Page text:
I wonder how much of all of this has to deal with this unique territory where rival NHL teams from two markets are shown on local TV channels. And how much has to deal with Xfinity not being able to separate this tiny market from its Pennsylvania customers because its local office is based in Meyersdale, Pa., after shutting down its Frostburg office last year.

I don’t know the answers to those questions, and I want to know.

But really knowing why not is not as important as knowing when I will get the NHL Network.

Old Washington Capitals in New Places as NHL Training Camps Begin

It’s too real, guys.

Like seeing your girlfriend with another guy in the case of Mike Green with the Red Wings.

Or something more subtle, like asking Curtis Glencross “Did you get new glasses?” when you see him on a PTO with the Maple Leafs … but can’t even seem to find a photo of him as a Maple Leaf invitee.

So, here’s a photo and video round-up of Caps from last season, along with some other prominent ex-Caps, in strange new surroundings:

Mike Green, Red Wings

Mike Green practices with the Detroit Red Wings (Instagram @detroitredwings)

Mike Green practices with the Detroit Red Wings (Instagram @detroitredwings)

Green Life 52 is now Green Life 25, a number he was more familiar with while playing in Hershey.  Squeezed out from his contract and depth in the organization, Greenie gotta go.

Two to three seasons ago, Caps fans would be less disappointed if Green was traded, having his value somewhat decrease from injuries and the defensive mistakes he was making while his offense dipped. Last season, he really turned things around and we had to let him walk and not get anything in return. Godspeed on your Vespa, sir.

Troy Brouwer, Blues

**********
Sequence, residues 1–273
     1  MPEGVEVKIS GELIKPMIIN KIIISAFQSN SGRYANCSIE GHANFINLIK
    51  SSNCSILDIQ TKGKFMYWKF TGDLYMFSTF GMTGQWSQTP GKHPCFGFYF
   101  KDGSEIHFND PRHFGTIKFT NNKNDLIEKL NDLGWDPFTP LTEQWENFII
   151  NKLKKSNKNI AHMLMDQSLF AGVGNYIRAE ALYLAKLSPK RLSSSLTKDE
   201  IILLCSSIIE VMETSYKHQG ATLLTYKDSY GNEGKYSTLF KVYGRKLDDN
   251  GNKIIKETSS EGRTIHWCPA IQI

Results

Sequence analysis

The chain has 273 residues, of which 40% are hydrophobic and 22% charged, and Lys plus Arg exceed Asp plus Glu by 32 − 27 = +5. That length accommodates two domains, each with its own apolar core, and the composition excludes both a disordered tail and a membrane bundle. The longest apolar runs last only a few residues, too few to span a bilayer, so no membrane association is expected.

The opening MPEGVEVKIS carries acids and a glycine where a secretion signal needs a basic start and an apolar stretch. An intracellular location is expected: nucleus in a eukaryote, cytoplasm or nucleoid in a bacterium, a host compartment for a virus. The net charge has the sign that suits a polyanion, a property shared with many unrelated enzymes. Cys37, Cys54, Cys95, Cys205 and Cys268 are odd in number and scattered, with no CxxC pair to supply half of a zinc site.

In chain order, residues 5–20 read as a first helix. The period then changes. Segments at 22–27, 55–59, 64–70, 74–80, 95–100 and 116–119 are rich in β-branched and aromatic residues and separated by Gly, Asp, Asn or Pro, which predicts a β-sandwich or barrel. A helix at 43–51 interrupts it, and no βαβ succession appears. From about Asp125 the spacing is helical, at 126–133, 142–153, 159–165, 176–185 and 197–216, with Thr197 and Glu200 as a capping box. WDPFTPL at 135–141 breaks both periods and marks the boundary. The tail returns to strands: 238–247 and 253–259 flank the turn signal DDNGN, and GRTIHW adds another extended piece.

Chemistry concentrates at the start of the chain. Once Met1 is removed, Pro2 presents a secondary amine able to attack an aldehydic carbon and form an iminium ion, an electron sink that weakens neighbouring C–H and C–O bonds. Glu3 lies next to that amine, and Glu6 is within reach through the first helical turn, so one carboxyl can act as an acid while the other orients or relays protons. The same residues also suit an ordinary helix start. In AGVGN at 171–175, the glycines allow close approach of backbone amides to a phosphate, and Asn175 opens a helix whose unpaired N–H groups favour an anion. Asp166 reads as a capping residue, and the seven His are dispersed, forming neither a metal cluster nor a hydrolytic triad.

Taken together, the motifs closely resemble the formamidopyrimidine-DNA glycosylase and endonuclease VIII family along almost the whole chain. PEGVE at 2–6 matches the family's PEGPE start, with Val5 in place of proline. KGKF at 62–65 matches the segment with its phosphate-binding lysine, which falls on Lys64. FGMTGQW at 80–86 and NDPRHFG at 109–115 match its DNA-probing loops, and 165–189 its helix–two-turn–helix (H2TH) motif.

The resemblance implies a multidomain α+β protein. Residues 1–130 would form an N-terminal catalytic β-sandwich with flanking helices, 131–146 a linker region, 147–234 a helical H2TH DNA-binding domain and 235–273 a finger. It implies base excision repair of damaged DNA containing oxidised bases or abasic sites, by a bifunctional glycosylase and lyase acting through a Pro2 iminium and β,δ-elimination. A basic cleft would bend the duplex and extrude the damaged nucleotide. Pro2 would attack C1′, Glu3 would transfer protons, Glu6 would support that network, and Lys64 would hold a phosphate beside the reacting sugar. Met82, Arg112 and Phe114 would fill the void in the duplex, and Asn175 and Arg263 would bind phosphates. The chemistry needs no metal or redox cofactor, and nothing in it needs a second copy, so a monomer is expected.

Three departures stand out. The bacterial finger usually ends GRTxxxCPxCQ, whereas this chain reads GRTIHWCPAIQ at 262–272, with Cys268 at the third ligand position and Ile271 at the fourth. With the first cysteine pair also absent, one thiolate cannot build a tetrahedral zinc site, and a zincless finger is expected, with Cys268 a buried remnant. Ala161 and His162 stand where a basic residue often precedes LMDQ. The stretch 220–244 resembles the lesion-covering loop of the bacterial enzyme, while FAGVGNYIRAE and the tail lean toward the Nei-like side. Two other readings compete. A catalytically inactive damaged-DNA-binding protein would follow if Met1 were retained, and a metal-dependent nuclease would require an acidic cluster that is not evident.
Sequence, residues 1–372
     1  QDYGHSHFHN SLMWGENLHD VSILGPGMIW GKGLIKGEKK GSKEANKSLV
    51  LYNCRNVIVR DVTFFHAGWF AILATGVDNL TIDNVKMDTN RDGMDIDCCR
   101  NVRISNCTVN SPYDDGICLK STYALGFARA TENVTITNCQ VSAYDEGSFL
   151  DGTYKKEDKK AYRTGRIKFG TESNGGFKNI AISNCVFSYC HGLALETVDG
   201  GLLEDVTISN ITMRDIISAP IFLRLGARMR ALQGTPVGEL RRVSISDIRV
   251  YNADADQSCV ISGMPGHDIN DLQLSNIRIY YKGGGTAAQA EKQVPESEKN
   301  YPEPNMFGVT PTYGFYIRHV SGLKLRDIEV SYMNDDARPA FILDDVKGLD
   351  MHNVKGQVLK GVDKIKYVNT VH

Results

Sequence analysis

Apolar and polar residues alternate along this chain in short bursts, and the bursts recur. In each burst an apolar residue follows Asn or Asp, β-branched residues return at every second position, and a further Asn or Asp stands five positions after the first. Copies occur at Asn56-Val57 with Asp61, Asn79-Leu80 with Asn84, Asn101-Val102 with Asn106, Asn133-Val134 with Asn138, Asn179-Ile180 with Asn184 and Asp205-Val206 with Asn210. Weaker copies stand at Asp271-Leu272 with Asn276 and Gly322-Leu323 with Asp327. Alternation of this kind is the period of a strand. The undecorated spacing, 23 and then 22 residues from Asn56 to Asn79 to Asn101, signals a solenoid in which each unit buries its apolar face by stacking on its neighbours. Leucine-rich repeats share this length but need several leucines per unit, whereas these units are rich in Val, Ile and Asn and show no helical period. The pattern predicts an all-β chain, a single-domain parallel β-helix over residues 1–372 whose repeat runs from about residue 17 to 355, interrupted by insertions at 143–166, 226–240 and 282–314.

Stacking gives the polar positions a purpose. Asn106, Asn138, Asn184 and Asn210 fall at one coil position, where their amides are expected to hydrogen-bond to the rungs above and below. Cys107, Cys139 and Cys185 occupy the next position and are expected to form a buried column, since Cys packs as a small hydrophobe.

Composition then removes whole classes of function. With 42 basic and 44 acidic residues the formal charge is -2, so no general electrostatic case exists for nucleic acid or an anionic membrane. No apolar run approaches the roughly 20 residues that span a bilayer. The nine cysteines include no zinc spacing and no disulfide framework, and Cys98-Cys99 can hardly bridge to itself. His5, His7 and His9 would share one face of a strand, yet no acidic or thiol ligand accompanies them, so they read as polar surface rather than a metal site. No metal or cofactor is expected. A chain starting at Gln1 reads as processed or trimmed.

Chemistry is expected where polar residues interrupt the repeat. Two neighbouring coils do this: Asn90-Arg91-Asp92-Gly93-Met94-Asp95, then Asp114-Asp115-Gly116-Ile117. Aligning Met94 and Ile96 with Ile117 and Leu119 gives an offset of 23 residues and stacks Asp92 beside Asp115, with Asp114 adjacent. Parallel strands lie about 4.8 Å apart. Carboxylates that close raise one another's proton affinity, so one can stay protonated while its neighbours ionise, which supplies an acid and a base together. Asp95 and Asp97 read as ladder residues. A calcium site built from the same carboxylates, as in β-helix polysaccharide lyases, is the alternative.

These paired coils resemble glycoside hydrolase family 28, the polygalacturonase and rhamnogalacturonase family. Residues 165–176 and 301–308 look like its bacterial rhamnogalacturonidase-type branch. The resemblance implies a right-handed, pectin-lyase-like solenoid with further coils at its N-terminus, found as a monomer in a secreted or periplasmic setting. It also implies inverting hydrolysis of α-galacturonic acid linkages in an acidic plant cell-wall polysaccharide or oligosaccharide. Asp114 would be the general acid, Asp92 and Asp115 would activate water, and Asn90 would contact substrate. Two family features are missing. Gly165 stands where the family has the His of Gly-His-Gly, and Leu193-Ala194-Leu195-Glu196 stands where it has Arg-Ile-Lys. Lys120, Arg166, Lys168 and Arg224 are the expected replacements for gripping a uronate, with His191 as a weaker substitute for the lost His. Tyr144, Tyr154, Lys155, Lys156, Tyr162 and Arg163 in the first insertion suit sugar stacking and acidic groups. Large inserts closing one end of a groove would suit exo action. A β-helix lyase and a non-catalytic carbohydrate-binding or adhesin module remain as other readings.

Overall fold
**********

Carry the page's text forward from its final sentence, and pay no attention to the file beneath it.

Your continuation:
Troy Brouwer [Video Screenshot: St. Louis Blues]

Troy Brouwer [Video Screenshot: St. Louis Blues]

The 2015 Winter Classic hero was traded in the offseason for T.J. Oshie and is also sporting No. 36 instead of No. 20 that he wore in D.C., because it’s worn by captain Alexander Steen.

Pheonix Copley, Blues

Mainly forgotten in the Brouwer/Oshie trade is goaltending prospect Pheonix Copley, who went from raw prospect to someone who could be a stud in the stable after his past season with Hershey.

Couldn’t find any good photos of Copley practicing, but we have his new pads, which is enough said for a goalie:

Michal Neuvirth, Flyers

Neuvy bounced around last year, splitting time with the Sabres and Islanders while dealing with injuries. Now he’s with yet another bitter Caps rival:

Eric Fehr, Penguins

Here’s a bowl full of awkward. Fehr scored in the 2011 Winter Classic against the Pens in Pittsburgh. Before he even landed in Pittsburgh, he stopped in Cincinnati to see the Pittsburgh Pirates play. The black and gold is striking enough even if it’s one of the other Steel City teams.

Because Fehrsie is rehabbing an injury (look at my shocked face), there aren’t any good photos of him on the ice other than this Sasquatch sighting:

Steve Oleksy, Penguins

Also joining the Dark Side is Steve “Binky” Oleksy, who mainly played with the Hershey Bears during his five years in the organization, managing to fit in over 60 games spread out over two seasons yet only saw one game with the Caps when Barry Trotz took over.

Joel Ward, Sharks

J. Randal Ward will always have a place in Caps lure for years to come and when he retires one day, I’m sure he will be welcomed with open arms back in D.C.

Wardo was the closest thing we had to Justin Williams before we got Justin Williams, scoring an OT GWG in Game 7 against the Bruins in 2012 and the amazing GWG with 1.3 seconds left in Game 1 against the New York Islanders.

He’s looking sharp in teal, especially in these throwback sweaters that will be worn in San Jose this year.

Alex Semin, Canadiens